Navalny supporters accuse Russian police of visits after leak

Navalny's organisations and websites have been hit with at least one major leak in recent months.

Published: 18th August 2021 03:56 PM  |   Last Updated: 18th August 2021 03:56 PM   |  A+A-

Russian opposition leader Alexei Navalny (File Photo | AP)


MOSCOW: A rights group and backers of jailed opposition leader Alexei Navalny accused Moscow police Wednesday of visiting his rank-and-file supporters at their homes overnight after their personal information was revealed in a leaked database.

Navalny's organisations and websites have been hit with at least one major leak in recent months, with local media reporting Tuesday that the names, email addresses and places of work of supporters had begun appearing on the Telegram messenger and the Russian darknet.

On Wednesday, the independent monitor OVD-Info reported that police in Moscow had visited "at least 20" people overnight who had registered their names on Navalny's websites or sent donations to his groups.

The monitor said police "demanded explanations about the donations" and why their names were in the database. It added that one person said police asked him to write a report against Navalny over "the illegal transfer of personal data".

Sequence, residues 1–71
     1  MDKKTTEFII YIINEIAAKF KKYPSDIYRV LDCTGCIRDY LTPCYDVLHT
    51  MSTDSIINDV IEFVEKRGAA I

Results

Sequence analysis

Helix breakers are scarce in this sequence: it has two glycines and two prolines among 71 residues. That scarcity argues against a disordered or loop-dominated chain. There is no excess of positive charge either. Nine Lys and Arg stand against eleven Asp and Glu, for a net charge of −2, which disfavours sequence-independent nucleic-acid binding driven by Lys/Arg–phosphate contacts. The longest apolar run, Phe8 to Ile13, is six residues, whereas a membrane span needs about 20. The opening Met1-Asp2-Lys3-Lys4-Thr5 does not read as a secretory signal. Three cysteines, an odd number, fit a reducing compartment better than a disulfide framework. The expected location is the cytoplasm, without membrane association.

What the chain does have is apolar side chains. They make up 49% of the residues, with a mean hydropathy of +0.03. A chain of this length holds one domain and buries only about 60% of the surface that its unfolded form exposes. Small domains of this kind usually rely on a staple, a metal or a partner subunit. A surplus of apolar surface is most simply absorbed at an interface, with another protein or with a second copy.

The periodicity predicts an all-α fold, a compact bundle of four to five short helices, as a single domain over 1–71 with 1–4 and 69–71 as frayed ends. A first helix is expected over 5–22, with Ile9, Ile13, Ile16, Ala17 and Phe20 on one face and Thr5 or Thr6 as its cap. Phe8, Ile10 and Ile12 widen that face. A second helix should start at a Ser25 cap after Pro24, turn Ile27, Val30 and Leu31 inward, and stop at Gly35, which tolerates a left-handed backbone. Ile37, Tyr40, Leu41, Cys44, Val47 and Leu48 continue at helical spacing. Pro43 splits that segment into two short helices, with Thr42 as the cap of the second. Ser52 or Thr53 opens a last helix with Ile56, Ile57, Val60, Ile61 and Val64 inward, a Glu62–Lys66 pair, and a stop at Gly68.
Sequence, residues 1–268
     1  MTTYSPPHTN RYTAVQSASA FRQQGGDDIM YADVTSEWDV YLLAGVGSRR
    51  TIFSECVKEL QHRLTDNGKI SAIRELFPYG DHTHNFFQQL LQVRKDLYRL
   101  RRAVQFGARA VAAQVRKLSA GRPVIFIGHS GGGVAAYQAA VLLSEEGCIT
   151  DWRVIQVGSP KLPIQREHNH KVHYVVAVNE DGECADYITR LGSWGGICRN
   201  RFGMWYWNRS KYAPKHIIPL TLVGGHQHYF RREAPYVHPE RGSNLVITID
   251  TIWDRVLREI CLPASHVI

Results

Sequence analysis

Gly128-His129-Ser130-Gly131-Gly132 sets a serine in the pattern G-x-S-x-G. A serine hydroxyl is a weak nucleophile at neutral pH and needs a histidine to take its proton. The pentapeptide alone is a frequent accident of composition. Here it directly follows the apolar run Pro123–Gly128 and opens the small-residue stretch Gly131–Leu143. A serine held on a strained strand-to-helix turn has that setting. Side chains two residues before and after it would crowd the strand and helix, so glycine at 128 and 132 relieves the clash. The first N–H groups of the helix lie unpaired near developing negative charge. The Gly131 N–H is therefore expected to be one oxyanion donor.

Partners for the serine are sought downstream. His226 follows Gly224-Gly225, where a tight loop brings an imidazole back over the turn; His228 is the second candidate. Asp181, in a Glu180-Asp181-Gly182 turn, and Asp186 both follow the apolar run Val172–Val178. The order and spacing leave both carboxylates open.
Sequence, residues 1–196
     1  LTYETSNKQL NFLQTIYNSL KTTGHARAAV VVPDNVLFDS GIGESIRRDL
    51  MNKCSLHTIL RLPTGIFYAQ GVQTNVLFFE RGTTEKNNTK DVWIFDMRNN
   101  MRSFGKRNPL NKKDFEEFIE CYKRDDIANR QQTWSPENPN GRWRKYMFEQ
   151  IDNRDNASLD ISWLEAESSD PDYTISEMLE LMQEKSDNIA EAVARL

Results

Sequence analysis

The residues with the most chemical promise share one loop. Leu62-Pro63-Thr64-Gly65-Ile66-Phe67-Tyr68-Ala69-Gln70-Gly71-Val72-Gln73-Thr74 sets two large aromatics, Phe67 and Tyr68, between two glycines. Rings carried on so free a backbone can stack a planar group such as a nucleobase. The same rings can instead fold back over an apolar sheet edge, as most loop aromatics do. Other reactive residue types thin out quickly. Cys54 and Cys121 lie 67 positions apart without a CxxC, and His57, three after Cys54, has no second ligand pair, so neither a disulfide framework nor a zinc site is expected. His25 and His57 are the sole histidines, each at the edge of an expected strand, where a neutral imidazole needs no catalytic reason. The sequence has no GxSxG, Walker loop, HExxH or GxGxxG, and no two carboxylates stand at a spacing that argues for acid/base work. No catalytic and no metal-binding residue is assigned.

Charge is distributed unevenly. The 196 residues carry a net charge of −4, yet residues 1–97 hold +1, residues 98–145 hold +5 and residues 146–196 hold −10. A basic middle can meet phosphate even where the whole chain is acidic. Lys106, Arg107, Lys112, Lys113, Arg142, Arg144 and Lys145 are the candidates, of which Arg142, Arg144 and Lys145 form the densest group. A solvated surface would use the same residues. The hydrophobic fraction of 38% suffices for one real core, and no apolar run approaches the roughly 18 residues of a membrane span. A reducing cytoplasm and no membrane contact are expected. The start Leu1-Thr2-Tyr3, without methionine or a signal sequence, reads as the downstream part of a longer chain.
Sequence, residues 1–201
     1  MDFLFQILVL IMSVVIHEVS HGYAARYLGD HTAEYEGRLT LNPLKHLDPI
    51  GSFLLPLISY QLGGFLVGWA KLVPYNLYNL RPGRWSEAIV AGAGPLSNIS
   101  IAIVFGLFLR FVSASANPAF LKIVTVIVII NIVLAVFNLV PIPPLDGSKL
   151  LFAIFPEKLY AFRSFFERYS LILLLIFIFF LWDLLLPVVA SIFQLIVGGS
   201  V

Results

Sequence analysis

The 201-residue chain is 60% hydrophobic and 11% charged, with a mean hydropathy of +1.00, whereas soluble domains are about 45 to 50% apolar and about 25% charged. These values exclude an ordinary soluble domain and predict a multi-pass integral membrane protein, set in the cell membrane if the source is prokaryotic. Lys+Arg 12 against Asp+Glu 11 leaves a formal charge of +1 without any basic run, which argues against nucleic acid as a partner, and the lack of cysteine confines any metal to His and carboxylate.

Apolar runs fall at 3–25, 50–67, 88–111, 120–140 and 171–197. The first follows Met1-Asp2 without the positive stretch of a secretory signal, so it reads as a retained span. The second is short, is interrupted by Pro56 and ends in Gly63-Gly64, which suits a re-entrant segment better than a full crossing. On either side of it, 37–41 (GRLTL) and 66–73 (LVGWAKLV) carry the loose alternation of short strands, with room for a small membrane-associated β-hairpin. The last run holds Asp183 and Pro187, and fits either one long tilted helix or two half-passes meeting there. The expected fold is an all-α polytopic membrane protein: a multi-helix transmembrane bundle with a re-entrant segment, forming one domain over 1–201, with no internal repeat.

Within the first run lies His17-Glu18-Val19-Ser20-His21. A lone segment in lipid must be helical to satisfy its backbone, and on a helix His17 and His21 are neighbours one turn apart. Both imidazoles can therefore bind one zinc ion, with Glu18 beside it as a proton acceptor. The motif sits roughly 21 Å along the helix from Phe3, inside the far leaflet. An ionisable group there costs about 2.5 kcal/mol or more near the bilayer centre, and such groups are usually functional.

Journalist and activist Ilya Azar said on Facebook that his home was one of those police had visited, while key Navalny aide Leonid Volkov said that police had gone to "several dozen" people in "an act of terrorism".

Police barged in "at night, at the same time, with threats to bang down doors, so that hundreds of thousands of our supporters in Moscow feel as uncomfortable as possible", he wrote on Telegram.

The interior ministry did not immediately respond to AFP requests for comment.

In April, Navalny's key aide Ivan Zhdanov confirmed that a database containing supporters' information had been leaked and the next month blamed it on a former ally, who denied the claim. 

Navalny was sent to jail in February after returning to Russia from Germany following a near-fatal poisoning attack that he blames on the Kremlin. 

The organisations of President Vladimir Putin's most vocal domestic critic have since been banned in Russia and all of his key allies have either fled the country or are under house arrest. 

But Navalny's aides are still calling for supporters to join his Smart Voting strategy, which aims to vote out candidates from the ruling United Russia party, in a parliamentary vote in September. 

Last week investigators charged Navalny with a new crime that could prolong his time behind bars by up to three years.


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